I had a strangely nostalgic feeling when watching Tomorrowland. I say strange, because the movie is supposed to be about the future, yet I couldn’t help looking back, and not just because there are so many subtle stylistic elements straight out of Disneyland (at one point you can see the white Space Mountain building dotting the landscape of the movie’s titular futuristic city). It reminded me of going to the movies as a kid, back when “family film” meant something different than it does today.
Now that term generally means a film aimed at a younger audience, but I remember a time when it referred to a movie the whole family could see together. Back in the ’60s and ’70s, Disney was as renowned for these kinds of live-action adventures as they were for their animated features. On the surface, Tomorrowland may have little in common with cheesy-by-today’s-standards classics like Flubber, The Love Bug, The Computer Wore Tennis Shoes, Escape to Witch Mountain, or The Black Hole. But it shares that same spirit of whimsy and adventure, as well as a universal appeal that will thrill kids and their parents in equal measure.
It doesn’t hurt that the young members of the cast–Britt Robertson, Thomas Robinson, and especially Raffey Cassidy–are often the most interesting on screen. Not to take anything from the always affable (even when he’s trying to be curmudgeonly) George Clooney, of course, but the kids really do hold the film together. The relationships between them are the true heart of the story, and one of the most interesting aspects of it.
It begins with a boy named Frank Walker (Robinson plays the young version of Frank), an aspiring inventor who brings his jet pack to the 1964 World’s Fair (an event, incidentally, which included many attractions created by Walt Disney himself). Frank is turned away from the Hall of Invention because his jet pack doesn’t quite work, but a strange little girl named Athena (Cassidy) takes a liking to him and slips him a pin which grants him access to an astounding, futuristic place called Tomorrowland.
Five decades later we meet Casey (Robertson), a bright young rebel who spends her nights sabotaging the ongoing demolition of a NASA platform where her dad once worked. After she’s caught and released from detention, she discovers a strange pin just like Frank’s, slipped in with her belongings. When she touches it she’s instantly transported to the same Tomorrowland, looking much as it did in 1964. The pin eventually loses power and she feels compelled to find a way back. Her search leads her to Frank (Clooney), now grown up and living as a recluse in a house full of incredible inventions, including an elaborate defense and surveillance system.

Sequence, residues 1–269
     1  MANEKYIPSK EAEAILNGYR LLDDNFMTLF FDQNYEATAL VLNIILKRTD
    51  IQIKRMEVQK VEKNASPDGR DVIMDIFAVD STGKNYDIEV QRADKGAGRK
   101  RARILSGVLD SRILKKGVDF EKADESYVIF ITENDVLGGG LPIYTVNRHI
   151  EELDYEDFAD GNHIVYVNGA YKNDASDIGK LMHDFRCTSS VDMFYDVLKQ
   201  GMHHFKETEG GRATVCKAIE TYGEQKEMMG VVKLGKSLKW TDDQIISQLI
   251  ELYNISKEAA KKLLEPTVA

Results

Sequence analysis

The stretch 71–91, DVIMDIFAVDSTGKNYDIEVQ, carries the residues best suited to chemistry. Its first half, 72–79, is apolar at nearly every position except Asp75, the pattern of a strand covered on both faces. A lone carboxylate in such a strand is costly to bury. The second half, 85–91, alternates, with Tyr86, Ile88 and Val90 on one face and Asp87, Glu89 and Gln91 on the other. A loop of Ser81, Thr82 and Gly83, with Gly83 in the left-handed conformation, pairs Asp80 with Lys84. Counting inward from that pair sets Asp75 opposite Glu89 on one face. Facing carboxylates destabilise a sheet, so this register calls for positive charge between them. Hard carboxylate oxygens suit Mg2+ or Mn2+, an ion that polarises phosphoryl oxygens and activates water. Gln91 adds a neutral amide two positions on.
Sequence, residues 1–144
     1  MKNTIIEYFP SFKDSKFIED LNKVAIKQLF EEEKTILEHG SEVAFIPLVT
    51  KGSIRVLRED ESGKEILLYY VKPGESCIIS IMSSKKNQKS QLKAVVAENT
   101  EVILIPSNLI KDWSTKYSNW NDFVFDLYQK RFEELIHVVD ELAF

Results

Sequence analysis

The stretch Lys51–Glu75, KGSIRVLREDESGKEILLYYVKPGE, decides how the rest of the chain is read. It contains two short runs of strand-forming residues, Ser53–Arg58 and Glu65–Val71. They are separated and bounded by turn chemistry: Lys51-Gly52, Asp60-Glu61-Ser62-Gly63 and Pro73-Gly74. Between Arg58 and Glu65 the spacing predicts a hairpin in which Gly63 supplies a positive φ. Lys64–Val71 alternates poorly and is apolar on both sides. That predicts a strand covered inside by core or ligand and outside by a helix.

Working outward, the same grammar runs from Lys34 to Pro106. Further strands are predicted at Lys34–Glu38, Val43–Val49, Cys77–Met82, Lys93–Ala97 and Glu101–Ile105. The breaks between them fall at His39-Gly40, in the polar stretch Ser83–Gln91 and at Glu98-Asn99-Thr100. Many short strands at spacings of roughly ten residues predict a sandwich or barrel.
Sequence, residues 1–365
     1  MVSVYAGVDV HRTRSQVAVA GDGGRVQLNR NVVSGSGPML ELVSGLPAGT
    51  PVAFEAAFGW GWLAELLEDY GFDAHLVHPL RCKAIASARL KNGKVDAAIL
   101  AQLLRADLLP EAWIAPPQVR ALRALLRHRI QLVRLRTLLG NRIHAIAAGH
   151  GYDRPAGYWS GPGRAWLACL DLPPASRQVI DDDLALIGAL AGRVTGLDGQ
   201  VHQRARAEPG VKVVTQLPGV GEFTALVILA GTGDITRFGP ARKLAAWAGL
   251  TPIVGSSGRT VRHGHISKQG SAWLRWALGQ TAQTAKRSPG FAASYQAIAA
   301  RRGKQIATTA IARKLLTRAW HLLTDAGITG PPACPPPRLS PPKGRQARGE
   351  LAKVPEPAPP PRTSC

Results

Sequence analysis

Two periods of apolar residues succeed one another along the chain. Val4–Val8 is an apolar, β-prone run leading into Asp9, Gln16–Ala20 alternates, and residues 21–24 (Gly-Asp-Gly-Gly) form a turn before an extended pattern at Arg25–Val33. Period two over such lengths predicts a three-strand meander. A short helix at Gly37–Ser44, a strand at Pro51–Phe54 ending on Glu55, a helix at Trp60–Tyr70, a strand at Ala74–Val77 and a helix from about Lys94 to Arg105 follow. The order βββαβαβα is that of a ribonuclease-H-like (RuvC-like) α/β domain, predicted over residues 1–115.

And that’s about all I can tell you without spoiling it. The film is filled with unexpected twists and turns. I was somewhat surprised to note at one point that I had absolutely no idea where it was going next. That doesn’t happen very often these days, with all the safe, predictable, by-the-numbers studio fare in theaters. It only occurred to me later that it might have been because the filmmakers didn’t know where it was going either. For the first two thirds of the film I was on the edge of my seat, as each new revelation uncovered another piece of the so-called “mystery box.” It’s not until the final third, when we get back to Tomorrowland, that it all comes apart.
If you’ve been to a Disney resort you’ve likely had the experience of riding an attraction that breaks down while you’re in the middle of it. You sit there in your vehicle for a while and then the lights come up and you see the animatronic figures for what they are and something is lost; it’s not quite so magical anymore. That’s the ultimate flaw in Tomorrowland. At some point they have to reveal the secret they’ve been teasing, to essentially bring up the lights, and suddenly this amazing world loses its luster. The internal logic doesn’t hold up under any sort of scrutiny. There are glaring plot holes, things left unexplained, and connections made out of nowhere. It only scratches the surface of a deeper mythology involving historical figures and a secret organization called Plus Ultra that I wanted to know more about. I got the distinct impression that a lot of exposition was cut out to make room for the showy action set pieces, and the film is worse for it (though with a little digging you can find a lot of this supplemental material online). I’d still say it’s enjoyable, so long as you don’t think about it too much.
Which brings me to the question in the title of this article. Should you take your kids? As long as they’re comfortable with a small amount of non-human violence (certainly no more than your average superhero movie), then go ahead and bring them along. It does get a bit preachy toward the end in delivering its ultimate message about the power of hope, idealism versus cynicism, and the battle between competing visions of the future, but there are worse messages to take away from a movie. I’d go so far as to say that kids might actually get more out of it than their parents. They’re more likely to take it at face value, not to notice the smoke and mirrors that create the illusion of an amazing spectacle. They don’t need it to make sense, they just want it to be fun. And that’s what family movies are all about anyway.